316 APPENDIX K Tiger team refers to an organized group of people that tests security measures by attempting to penetrate them, or, more generally, to any official inspection team or special group called in to look at a com- puter or communications problem. TIU (trusted interface unit) is an Ethernet LAN data encryption prod- uct. Trojan horse refers to a program that, by exploiting the current user's authorization, provides covert access to information in an object for a user not authorized to access that object. Trustworthiness is assurance that a system deserves to be trusted that it will perform as expected despite environmental disruptions, human and operator error, hostile attacks, and design and implementation errors. Trustworthy systems reinforce the belief that they will con- tinue to produce expected behavior and will not be susceptible to subversion. UDP (User Datagram Protocol) is an Internet transport protocol that pro- vides unreliable datagram services. It adds a checksum and addi- tional process-to-process addressing information on top of the basic IP layer. UNIX is a multiuser operating system developed by Bell Laboratories in the 1970s that is widely used on the Internet and in the computer science research community. It is much smaller and simpler than Multics and has far fewer access controls and far less structure to support security. URL (uniform resource locator) specifies an Internet object, such as a file or a newsgroup. URLs are used in HTML documents to specify tar- gets of hyperlinks. URP (University Research Program) is the program within NSA's R2 that awards contracts to academic investigators for security-related re- search. VDM (Vienna definition method) is a formal method. Verity is a tool used to design processors. VGA is video graphics adapter. VLSI (very large scale integration) refers to integrated circuits composed of hundreds of thousands of logic elements, or memory cells. VPN (virtual private network) is a secure connection through an other- wise insecure network, typically the Internet. Vulnerability is an error or weakness in the design, implementation, or operation of a system. VVSL is a formal method.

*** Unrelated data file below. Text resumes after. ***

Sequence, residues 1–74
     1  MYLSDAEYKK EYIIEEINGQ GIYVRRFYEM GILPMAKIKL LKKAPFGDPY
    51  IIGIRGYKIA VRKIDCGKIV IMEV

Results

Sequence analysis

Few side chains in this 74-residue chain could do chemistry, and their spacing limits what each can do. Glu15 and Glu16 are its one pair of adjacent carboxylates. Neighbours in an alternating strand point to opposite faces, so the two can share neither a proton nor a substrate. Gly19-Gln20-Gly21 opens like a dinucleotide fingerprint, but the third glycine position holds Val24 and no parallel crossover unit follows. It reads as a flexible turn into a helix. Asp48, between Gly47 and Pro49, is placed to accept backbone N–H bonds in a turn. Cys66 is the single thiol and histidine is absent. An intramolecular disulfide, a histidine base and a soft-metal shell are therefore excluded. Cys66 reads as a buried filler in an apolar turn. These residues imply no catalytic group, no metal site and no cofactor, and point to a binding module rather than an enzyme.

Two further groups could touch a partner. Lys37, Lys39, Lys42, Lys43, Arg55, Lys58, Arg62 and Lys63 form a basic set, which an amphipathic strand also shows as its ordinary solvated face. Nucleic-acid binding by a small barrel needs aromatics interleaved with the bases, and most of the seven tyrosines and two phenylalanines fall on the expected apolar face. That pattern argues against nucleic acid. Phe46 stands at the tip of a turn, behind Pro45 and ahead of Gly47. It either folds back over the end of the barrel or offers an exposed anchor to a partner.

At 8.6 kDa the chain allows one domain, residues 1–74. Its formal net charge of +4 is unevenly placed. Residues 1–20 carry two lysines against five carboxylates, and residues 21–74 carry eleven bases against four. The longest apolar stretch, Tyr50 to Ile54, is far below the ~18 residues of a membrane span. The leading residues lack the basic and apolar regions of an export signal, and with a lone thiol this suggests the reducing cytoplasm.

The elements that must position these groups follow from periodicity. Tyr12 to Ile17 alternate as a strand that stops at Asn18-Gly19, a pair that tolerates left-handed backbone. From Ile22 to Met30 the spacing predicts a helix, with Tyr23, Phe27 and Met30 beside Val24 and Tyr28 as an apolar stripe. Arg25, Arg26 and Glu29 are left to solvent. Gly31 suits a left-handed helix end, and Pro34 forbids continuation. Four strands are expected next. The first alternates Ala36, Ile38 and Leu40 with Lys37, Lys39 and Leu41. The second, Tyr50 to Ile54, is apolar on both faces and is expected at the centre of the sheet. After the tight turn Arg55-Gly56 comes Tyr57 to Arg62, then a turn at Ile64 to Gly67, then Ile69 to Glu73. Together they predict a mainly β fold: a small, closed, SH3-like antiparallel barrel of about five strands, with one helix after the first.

APPENDIX K 317 W3C (World Wide Web Consortium) is an industry consortium stan- dards-setting body for the Web. WAN (wide area network) is a network extending over an area greater than 1 kilometer in diameter. Windows NT is Microsoft's multiprogramming, multitasking, and multi- user operating system. It has the ability to control users' access to all system objects. Windows NT is supported on several instruction set architectures. Work factor is a measure of the difficulty of undertaking a brute-force test of all possible keys against a given ciphertext and known algorithm. WWW is the World Wide Web. X.25 is a standard protocol suite for the DTE-DCE interface in a packet- switched network. It was developed to describe how data passes in and out of public data communications networks. XEU (Xerox encryption unit) is a functionally transparent cipher unit for protecting information on baseband LANs. Y2K (year 2000) refers to the widespread problem of computers that are not programmed to recognize correctly the years following 1999.